Voters against Soros revolutionaries
“I I want to be very clear about what happened tonight,” Chesa Boudin intoned shortly after being ousted as San Francisco district attorney in Tuesday’s recall election. “Right-wing billionaires spent three times as much as us.”
The far-left extremist would have you believe that he is on the side of the little guy and was victimized on election day by right-wing black money. The truth, however, is that he lost because of the more substantial fact that voters were fed up with a district attorney whose attitudes align with those of his Marxist revolutionary parents, Kathy Boudin and David Gilbert, who were convicted of murder for their role in the Weather Underground crimes.
Boudin is on the side of the criminals and is steeped in contempt for ordinary citizens and American society in general. The San Franciscans wanted him gone because he was undermining the peace and security of their society as fast as he knew how.
There are several ironies in his comments. The first to note is the phrasing. When Boudin says, “I want to be very clear,” he is echoing former President Barack Obama’s tic of prefacing his most implausible assertions with “let me be clear,” implying that they are irrefutable. .
In addition to his casuistical rhetoric, there is a deep irony in Boudin’s substance about right-wing billionaires. He took power in 2020 with the financial backing of George Soros, the left-wing billionaire who still today infiltrates soft-on-crime extremists across America to destroy major cities with grotesque crime spikes.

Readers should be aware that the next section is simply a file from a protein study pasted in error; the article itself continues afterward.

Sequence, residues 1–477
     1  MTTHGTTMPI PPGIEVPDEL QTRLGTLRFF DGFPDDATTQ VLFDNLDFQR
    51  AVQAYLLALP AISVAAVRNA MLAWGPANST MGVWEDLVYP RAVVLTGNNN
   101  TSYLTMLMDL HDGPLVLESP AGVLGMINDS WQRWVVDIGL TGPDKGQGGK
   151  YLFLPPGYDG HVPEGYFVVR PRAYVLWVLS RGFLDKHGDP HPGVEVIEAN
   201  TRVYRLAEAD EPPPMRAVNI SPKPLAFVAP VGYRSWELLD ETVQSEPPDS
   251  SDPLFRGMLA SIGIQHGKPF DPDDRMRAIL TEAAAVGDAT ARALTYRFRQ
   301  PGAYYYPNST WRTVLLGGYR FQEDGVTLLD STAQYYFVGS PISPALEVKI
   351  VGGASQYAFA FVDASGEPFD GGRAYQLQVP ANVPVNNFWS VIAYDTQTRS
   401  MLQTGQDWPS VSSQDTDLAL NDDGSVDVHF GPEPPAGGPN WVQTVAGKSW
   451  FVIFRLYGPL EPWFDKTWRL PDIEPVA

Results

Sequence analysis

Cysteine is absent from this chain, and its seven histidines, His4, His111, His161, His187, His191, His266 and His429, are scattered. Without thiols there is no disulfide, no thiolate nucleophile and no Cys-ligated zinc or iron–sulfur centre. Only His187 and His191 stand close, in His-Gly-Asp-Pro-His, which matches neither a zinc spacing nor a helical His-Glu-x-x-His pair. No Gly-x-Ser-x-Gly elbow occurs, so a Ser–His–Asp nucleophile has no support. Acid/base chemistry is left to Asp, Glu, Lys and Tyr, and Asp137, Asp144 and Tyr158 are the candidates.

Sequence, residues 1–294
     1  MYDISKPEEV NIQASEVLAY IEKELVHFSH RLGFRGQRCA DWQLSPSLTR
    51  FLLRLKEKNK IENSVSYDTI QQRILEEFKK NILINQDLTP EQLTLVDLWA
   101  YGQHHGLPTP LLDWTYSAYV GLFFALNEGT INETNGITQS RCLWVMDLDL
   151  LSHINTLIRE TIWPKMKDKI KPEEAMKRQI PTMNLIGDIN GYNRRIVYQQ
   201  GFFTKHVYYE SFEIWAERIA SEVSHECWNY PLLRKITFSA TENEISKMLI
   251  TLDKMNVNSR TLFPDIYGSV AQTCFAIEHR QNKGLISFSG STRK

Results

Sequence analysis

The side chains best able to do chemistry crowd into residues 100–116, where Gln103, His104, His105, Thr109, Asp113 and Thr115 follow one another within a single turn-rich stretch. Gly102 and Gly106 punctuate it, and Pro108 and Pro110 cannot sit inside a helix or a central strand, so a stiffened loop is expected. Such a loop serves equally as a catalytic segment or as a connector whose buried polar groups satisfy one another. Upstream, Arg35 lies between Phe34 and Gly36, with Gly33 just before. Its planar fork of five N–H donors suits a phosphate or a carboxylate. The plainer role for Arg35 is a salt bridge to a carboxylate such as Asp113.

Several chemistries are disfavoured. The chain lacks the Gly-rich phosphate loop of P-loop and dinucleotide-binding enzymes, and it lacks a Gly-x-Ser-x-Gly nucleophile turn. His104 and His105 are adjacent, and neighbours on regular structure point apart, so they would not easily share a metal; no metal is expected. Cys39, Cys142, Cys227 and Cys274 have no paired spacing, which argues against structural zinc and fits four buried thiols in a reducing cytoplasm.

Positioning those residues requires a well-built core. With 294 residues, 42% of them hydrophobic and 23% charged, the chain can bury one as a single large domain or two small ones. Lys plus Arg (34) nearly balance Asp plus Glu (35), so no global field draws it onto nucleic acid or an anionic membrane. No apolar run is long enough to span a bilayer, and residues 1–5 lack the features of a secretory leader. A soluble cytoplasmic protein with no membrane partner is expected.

It is both ridiculously late and utterly hypocritical to complain at the time of defeat about the influence of money on the politics that got you there in the first place. If you live on money, you can’t complain if you die of it too. The detrimental effect of governance by these Soros lieutenants is not a bug but a feature – not an unfortunate by-product but their purpose. Boudin was not recalled for his incompetence but for his appalling efficiency in achieving his ends.
Nor, of course, was money alone that beat him. It was popularly dismissed because it helped make San Francisco synonymous with filth, dysfunction, violence, theft, and other crimes. The left-leaning locals who chose him two years ago, like other Californians, seem to relish the warm glow of virtue that prospective progressive policies deliver. But they don’t like them when they take their inevitable effect. When they explode, as they always do, these same people are horrified by the mess they make. Suddenly they don’t want to defund the police, don’t think shoplifting up to $1,000 should be considered a harmless urban sport, and don’t think career criminals are the victims of life.
It is not only the voters who vote who are abandoning Boudin and his ilk. It is also other Democrats who fear losing their re-election bid. They are tactically rejecting or suspending leftist orthodoxies faster than Californians are fleeing to better run states, like Texas, where the brief of malicious progressive experiments does not work.